Boars get a bad rap. At least that is my assessment after hearing an interesting story the other day.
I attended the wedding of a friend. I didn’t know anyone except the bride and my spouse, CB. As we waited to go into the reception area, CB and I chatted with a few of the guests. One nice couple lived close to the resort where the wedding was held. Eventually, the conversation segued to the beauty of the desert terrain and interesting wildlife that inhabited the area.
After a humorous tale about rattle snakes and swimming pools, one gentleman talked about how the entrance of his home became a makeshift maternity clinic. He described the scenario. It was a cold night and a pregnant javelina (wild pig) sought safety and warmth to deliver her baby. The mother lay near the front door, protected on three sides by the house. The remaining side was open. However, nine other javelina came to the rescue and formed a semi circle in front of the pregnant sow – offering protection and warmth. Once the sow delivered, the boars went on their way back into the desert.
I found this story very inspiring. In my mind’s eye I envisioned these hairy beasts lying on their sides, the vapor of their breath rising in the night air. It must have been very reassuring to the pregnant sow to have her comrades at her side while she brought her little one into the world. I had no idea that javelina had such a cooperative nature. I usually think of boars as rude, selfish and uncaring. In fact, I can’t even tell you how many times I have heard the word “boar,” or a derivative, used to describe unsavory behavior and characteristics.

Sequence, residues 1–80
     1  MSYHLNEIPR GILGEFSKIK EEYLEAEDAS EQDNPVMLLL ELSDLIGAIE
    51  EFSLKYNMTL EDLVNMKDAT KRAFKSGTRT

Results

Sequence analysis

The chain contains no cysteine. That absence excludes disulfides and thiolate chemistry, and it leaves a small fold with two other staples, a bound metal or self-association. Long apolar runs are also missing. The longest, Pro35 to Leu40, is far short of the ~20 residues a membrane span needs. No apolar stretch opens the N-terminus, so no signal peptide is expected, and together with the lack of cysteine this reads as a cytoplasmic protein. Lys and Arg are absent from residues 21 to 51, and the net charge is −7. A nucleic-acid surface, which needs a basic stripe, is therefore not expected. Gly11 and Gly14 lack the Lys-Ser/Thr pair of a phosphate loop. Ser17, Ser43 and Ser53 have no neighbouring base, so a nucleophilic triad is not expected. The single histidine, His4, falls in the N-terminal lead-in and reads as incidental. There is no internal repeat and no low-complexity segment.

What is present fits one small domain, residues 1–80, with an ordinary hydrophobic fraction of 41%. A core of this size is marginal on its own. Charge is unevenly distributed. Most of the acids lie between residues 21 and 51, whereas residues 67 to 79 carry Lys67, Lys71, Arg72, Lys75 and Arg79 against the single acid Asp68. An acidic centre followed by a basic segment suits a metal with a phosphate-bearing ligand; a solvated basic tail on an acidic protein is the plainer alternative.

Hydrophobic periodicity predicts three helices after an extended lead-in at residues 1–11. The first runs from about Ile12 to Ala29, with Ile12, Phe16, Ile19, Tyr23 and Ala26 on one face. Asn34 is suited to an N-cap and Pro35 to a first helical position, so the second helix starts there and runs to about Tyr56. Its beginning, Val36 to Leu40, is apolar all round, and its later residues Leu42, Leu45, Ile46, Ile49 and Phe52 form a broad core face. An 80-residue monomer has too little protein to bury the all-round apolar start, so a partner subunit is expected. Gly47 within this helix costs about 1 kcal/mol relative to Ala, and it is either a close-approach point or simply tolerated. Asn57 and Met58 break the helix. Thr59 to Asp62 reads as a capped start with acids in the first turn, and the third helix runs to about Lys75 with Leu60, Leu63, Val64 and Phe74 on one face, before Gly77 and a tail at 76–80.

I also thought about how inspiring it was to hear this simple tale. Rather than a superficial discussion of the weather, it was refreshing to hear a story that offered hope and inspiration. If boars can work together in a cold and dangerous situation, then surely human beings can too.
As the wedding festivities continued throughout the evening, we talked to a variety of individuals. One woman spent several years teaching brain-damaged children to swim. Another couple (who had been married for 60 years) shared the secrets of a long and happy marriage. We applauded as a five-year-old boy provided dance moves that were just as entertaining as “Dancing with the Stars”. It was an incredible and joyful evening.
The next day I did a mental recap of the previous night, it occurred to me that wonderful events like this are not unique. They take place every day. In contrast to the numerous reports I have heard about how marriages are failing, I witnessed several happy couples (many who had been married 40 years and longer) dancing cheek to cheek. We talked to teachers, pet sitters, bankers and doctors who had found ways to make the world a better place.
These folks may not be featured on Oprah, hang out with Paris Hilton or make the cover of People magazine, but their stories are just as important as the depressing sagas reported in the media. In fact, I would suggest these happy stories are even more important because they provide us with laughter, hope and inspiration.
In our upcoming book, Erase Negativity and Embrace the Magic Within, we offer advice on how to develop an optimistic viewpoint. If javelina can work together to make a difference, than just imagine what human beings can do.